In her designs for children Kruszewska skillfully combined functions, creating "furnitoys." In doing so she used her own observations, the experience of pediatricians and child psychologists, and academic research to create a furniture style that is correct from the point of view of anatomy and physiology. It was meant to be neutral in color and child-friendly. It was meant to teach independence, assist emotional and mental development through play and education, and allow the child active participation in co-creating his/her own space. Guided by these assumptions, Kruszewska made the interiors and furnishings for the Children’s Health Center in Warsaw (1974–1975), where she brought in new designs alongside those tried and tested in the Prokocim Hospital. She presented a system of furnitoys, including screens on wheels, whose three wings had various functions: bookshelves, abacuses, and a board with holes for pinning or winding in parts of puzzles; and also, a set of eight box/blocks which pack up like Russian dolls, and thus require little room. The sides of the rectangular cubes were decorated with colorful plexiglass circles, which were both decorative and informative: they explained how to set up the pieces for various age groups. The various elements also served as furniture – chairs and stools – and had forms that encouraged children to play. Simplicity and functionality were also keys in the "growing" chair system for the tables of set height, which encouraged the integration of children of various ages. The furnishing of the center aimed to be universal and could serve other medical institutions; yet, in spite of the many presentations and awards it received, and its developed production technology, it never found wider application.
From the very beginning, Teresa Kruszewska attached a great deal of importance to design theory. She collected and independently developed materials on ergonomics, construction, and technology, in order to use it in design and teaching. She collected her own data from the 1950s onward, devoting a great deal of attention to design for children, who were her main focus. The Institute of Industrial Design (IWP), in contrast, did not develop its guidelines in the field until 1985. In the 1970s, when attention was brought to the educational function of children’s furniture, she began sharing her knowledge in a wider forum. The subject of her dissertation, the formal basis for her receiving Readership status at the Interior Design Department of the Academy of Fine Arts in Warsaw (1978), was the relationship between the development of a child’s personality and his/her surroundings. She presented the main thesis of her paper, along with toy designs of various sorts she called "funtime props," a year later at the International INTERDESIGN Symposium ’79 in Dessau.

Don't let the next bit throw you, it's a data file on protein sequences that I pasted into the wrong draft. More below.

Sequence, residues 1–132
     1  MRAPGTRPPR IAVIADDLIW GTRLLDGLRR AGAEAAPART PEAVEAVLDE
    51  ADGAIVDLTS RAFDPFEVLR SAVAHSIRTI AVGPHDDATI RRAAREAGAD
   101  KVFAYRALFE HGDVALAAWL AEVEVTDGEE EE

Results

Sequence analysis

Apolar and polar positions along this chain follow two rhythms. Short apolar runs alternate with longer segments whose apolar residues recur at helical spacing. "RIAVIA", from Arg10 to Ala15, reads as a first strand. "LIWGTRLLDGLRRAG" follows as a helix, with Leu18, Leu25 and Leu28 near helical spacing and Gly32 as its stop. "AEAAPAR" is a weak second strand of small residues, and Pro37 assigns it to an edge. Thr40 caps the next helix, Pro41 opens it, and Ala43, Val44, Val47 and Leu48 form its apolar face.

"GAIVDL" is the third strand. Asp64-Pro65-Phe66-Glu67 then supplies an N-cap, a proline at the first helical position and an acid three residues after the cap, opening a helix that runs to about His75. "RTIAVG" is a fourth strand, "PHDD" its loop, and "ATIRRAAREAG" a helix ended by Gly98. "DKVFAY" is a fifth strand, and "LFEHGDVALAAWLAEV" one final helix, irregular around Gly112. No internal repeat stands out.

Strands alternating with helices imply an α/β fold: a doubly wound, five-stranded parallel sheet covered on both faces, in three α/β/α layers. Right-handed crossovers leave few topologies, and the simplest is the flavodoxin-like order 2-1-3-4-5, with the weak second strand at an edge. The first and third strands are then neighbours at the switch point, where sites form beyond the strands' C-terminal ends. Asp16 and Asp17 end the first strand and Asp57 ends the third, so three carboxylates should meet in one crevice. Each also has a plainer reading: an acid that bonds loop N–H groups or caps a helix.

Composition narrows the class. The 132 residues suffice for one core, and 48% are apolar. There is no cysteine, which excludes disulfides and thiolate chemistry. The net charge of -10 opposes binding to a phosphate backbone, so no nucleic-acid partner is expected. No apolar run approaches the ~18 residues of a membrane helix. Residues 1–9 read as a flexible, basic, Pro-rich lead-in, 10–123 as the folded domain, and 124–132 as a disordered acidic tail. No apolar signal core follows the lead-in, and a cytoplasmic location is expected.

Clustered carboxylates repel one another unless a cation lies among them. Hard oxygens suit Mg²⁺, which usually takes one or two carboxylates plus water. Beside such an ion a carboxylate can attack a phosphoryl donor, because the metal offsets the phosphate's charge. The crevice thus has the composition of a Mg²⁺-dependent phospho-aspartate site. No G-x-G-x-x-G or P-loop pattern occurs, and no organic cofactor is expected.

In the early 1970s Kruszewska developed a cup-shaped seat as an extension of her explorations into plywood. The construction of the Daisy chair of 1972–1974 unfolds like the petals of a flower. This skeleton was the basis for furniture variants intended to be covered, in part or entirely, with colorful, smooth or furry upholstery that could be removed for cleaning. The entirely covered Tulip formed a leisure set (also including tables and stools) that was awarded at the "Meble ‘73" Polish Competition in Poznań. In the first half of the 1970s Kruszewska also produced a few models for organic wicker seats, and did experiments with synthetic materials. Thus emerged an orange armchair, a prototype made of materials (polyester resin and glass fibers) the designer used for the first time. However, due to health reasons and the slim potential of working with this technology in Poland, the designer did not continue these trials.
In 1977–1978 there came the "growing with children" furniture set, on commission by the National Union of Furniture Cooperatives. Together with the D+M Open System, Kruszewska developed this concept and presented it in 1980 at the first International Furniture Triennial organized in Poland. This design allowed the user to arrange the furniture to suit his/her individual taste. It was the ideal solution, given the Polish apartment space norms and the considerable needs for children’s and young people’s furniture. The system received an award, and the United Furniture Industry decided to initiate its production – though this never took place. The prototype eventually became a part of the Modern Design Center in Warsaw. Nor did the designer’s related solutions – the children’s and young people’s furniture (6-18 years) designed for Cepelia (1986/1987), and the furniture "harvester" for a children’s room (1988) – go any further. The "inability to carry through syndrome" of the People’s Republic meant that much of Kruszewska’s furniture, like that of other Polish designers, was never implemented. They remained no more than an unfulfilled promise for the Polish public, i.e., a promise of designs they expected to see not only in exhibitions, but also in stores and in their homes.
Author: Krystyna Łuczak-Surówka
Text originally published in Out of the Ordinary. Polish Designers of the 20th Century, edited by Czesława Frejlich and published by the Adam Mickiewicz Institute (Warsaw, 2011) in cooperation with the Karakter publishing house. Translation by Søren Gauger, edited for the purposes of Culture.pl by Agnieszka Le Nart.